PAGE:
All the houses are full of light and ash; it is there in equal abundance. Dust roils in the corners of the low-beamed dining room, and as I walk through it, I hear heartbeats. I smell vitality, and I fear knowledge. I was born out of wedlock, and my father deceived my mother. I know what it is to deceive innocence.
It is agony. I hear the rushes, I smell the sweat, and I feel the light on their forehead. I was born in darkness, and I was born again in darkness. My father deceived me.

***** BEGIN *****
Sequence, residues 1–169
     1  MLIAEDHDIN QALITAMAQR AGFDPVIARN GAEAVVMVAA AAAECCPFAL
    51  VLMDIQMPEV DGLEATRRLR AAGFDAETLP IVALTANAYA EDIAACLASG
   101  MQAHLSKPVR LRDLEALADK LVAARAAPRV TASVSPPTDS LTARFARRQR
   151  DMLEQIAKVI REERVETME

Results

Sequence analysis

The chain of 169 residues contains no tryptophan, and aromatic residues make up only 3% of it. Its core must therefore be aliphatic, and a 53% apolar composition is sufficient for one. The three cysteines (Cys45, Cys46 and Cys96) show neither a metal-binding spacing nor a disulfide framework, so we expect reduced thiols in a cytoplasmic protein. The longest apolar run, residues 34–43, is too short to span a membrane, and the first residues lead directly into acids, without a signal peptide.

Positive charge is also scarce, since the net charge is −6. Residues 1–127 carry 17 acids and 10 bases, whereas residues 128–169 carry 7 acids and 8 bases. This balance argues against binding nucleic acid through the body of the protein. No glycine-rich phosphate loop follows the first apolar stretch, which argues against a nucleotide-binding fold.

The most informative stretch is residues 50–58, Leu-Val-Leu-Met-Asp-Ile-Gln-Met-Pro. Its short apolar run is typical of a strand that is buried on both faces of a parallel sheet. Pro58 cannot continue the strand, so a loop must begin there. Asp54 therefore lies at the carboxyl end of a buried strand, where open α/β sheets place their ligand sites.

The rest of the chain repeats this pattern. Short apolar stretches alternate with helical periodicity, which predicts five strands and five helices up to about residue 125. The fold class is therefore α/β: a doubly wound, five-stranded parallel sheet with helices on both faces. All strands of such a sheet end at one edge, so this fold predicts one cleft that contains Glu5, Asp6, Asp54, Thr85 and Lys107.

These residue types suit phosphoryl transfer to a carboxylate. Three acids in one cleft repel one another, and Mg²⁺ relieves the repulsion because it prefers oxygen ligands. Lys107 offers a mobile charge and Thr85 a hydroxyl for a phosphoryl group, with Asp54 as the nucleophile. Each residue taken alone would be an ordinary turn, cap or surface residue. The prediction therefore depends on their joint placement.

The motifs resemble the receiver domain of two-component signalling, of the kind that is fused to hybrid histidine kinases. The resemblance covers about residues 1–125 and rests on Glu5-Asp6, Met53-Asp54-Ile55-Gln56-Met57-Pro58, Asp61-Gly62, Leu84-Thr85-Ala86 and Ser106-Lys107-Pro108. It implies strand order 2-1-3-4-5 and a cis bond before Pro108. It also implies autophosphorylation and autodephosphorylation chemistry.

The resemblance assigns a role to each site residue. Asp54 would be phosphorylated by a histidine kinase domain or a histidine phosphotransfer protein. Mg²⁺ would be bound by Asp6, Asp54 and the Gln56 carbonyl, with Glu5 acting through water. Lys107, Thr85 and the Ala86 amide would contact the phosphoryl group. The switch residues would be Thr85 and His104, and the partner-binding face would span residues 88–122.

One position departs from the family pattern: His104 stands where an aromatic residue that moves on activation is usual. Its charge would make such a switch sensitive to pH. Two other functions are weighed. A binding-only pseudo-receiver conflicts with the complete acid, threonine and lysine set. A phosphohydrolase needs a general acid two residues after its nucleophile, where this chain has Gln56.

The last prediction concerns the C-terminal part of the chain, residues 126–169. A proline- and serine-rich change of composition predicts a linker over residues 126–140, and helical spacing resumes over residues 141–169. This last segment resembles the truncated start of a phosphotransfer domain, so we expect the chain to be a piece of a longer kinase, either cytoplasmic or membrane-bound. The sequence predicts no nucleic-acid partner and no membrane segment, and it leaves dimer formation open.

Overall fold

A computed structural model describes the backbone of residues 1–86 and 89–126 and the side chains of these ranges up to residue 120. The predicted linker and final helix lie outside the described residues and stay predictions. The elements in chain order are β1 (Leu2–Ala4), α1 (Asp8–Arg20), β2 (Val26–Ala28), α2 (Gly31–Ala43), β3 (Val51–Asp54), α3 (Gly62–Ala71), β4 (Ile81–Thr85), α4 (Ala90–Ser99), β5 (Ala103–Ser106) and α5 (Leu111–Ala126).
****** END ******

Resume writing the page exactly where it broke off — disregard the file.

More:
I fall beneath the oaken table and clasp my ears. It is not a matter of hearing; more a matter of knowing, and that is an irreversible process. Outside the moonlight still whispers through conifers; the dark’s pets crawl and scrabble over stone and oak. Men drink in houses; they sit around tables as though I have never happened. In the light, I have not. By darkness, they know I will.
Innocence is easily devoured by the dark. Fear is harder to see when you see nothing at all. They see me, and they know fear. I know innocence; I was born in darkness.